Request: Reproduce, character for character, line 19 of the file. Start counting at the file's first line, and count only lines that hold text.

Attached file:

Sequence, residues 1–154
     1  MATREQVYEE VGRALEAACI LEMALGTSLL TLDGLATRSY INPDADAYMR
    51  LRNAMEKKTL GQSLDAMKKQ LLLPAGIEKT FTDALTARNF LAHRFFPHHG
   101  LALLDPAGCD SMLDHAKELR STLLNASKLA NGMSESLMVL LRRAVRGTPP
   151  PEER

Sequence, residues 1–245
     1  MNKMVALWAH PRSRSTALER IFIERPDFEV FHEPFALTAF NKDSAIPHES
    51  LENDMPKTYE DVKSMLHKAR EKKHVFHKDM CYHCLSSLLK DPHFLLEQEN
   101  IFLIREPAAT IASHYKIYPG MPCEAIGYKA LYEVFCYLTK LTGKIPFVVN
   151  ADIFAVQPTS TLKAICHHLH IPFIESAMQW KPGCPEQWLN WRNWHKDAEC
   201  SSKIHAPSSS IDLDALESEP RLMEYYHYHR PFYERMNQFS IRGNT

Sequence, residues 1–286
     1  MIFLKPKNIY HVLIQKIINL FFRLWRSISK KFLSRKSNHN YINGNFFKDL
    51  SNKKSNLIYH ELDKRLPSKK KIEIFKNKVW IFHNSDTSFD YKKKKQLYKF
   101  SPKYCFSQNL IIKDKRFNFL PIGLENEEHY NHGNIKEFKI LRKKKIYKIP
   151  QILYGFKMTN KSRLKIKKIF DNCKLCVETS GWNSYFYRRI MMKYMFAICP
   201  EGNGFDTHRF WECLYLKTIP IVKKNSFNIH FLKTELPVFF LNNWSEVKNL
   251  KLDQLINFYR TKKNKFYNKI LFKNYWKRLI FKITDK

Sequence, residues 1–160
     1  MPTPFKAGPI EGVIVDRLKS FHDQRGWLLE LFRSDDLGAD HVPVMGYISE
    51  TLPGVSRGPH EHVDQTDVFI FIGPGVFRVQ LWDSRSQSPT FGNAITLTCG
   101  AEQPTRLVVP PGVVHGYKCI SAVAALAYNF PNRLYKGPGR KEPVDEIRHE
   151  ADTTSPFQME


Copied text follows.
Sequence, residues 1–160